Visit California City, the Largest City Never Built

YouTube // Field Day
YouTube // Field Day

In the Mojave Desert you'll find California City, a city famous for dreaming big. A huge chunk of it is gridded roads—complete with names, speed limits, and GPS driving directions—with nothing built on the vast majority of those plots.

Incorporated in 1965, California City is a living contradiction. Today it's a working community with roughly 15,000 residents. But it's simultaneously enormous, having been planned at a scale to rival Los Angeles. The city has over 200 square miles of land, planned by Nat Mendelsohn as a model city.

In this mini-documentary, Tom Scott visits California City and interviews various city officials. He digs into the city's storied past, and shows us both what is there and what is not. The city is physically enormous, so it's certainly possible that one day it will grow to meet its original plan. It might just take a few centuries.

Have a look at the third-largest city in California (by land area, anyway):

Related is this behind-the-scenes video in which Scott explains why he's interested in California City:

The 10 Most Stressed-Out States in America

iStock.com/Creative-Family
iStock.com/Creative-Family

Stress levels are on the rise across the U.S. According to an American Psychiatric Association-sponsored survey, nearly 40 percent of people reported feeling more anxious in 2018 than they did last year. But tensions are running higher in some states than others. To see which states have the most stressed-out residents, check out the list below from Zippia.

To compile the ranking, the job search engine scored each state in America on six criteria: commute times, unemployment rates, work hours, population density, home price to income ratio, and rates of uninsured residents. After sifting through data from the U.S. Census Bureau's American Community Survey for 2012 through 2016, they came up with the top 10 states where stress levels are highest.

New Jersey nabbed the top spot because of its lengthy commute times, long work hours, and a high housing cost to income ratio. Georgia, with its high unemployment and uninsured rates, came in second place. And despite all the sunshine and beautiful coastlines, Florida and California residents still have plenty to be stressed about, with the states ranking third and fourth, respectively.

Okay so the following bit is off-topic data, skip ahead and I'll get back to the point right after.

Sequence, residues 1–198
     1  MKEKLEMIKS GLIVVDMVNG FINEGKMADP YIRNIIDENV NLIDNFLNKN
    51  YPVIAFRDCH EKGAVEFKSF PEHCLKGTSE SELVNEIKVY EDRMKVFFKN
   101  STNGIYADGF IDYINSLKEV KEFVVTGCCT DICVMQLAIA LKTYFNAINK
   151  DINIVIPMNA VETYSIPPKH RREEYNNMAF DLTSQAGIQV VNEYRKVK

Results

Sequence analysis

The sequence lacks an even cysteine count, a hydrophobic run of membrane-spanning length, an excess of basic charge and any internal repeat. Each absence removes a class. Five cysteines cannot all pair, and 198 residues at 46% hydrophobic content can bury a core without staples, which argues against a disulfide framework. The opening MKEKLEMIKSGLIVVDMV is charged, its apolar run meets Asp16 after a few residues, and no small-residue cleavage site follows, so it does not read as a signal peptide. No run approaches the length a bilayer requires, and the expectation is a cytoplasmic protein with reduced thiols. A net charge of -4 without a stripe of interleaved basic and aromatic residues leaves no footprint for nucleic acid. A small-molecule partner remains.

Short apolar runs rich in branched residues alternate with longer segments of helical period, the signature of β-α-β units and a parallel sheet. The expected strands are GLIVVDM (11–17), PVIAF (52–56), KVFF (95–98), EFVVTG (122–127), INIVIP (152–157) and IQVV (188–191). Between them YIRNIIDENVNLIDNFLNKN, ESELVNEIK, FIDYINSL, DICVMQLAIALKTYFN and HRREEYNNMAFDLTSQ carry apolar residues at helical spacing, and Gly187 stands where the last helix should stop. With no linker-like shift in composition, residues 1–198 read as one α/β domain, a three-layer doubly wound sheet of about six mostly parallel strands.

1. New Jersey
2. Georgia
3. Florida
4. California
5. New York
6. Louisiana
7. Maryland
8. North Carolina
9. Virginia
10. Mississippi

The most stressed-out states in America tend to fall on the coasts, with Midwestern states like Minnesota, North Dakota, and Iowa enjoying the lowest stress levels, according to a 2017 analysis from WalletHub. To see where your state ranks, you can check out the full map of high-anxiety states on Zippia's website. If you see your home state near the top of the list, consider implementing a few of these relaxation strategies into your daily routine.

See How Metros in the World's Biggest Cities Intersect on Aerial Maps

Paris
Paris
Dadapp94, Reddit

In cities around the world, subways form massive networks that snake under the urban landscape, creating systems that we're familiar with seeing in the form of colored, intersecting lines on a poster, but basically can never see from above ground.

Luckily, the cartography and transit nerds of the internet have you covered. A number of users on Twitter, Tumblr, and forums like Reddit's r/MapPorn have created image mashups of subway lines overlaid with aerial images of urban environments, showing what cities would look like from above if their massive transit networks were above ground. CityLab recently collected some of the most compelling ones, and they're fascinating to examine. (The one above, of Paris, was created by Reddit user Dadapp94.)

Below are a few of our favorites:

Here's London:

And New York:

Here's one of Amsterdam that was posted to r/MapPorn by Reddit user Conducteur:

An aerial photo of Amsterdam with subway lines represented by colored lines
Amsterdam's railway and subway lines
Conducteur, Reddit

And one of Milan, posted by Reddit user medhelan:

An aerial view of Milan with colored lines representing subway paths
Milan
medhelan, Reddit

To see more aerial shots like this, head over to CityLab. And if you love aerial images of infrastructure as much as we do, we also recommend these photos of airports seen from above.

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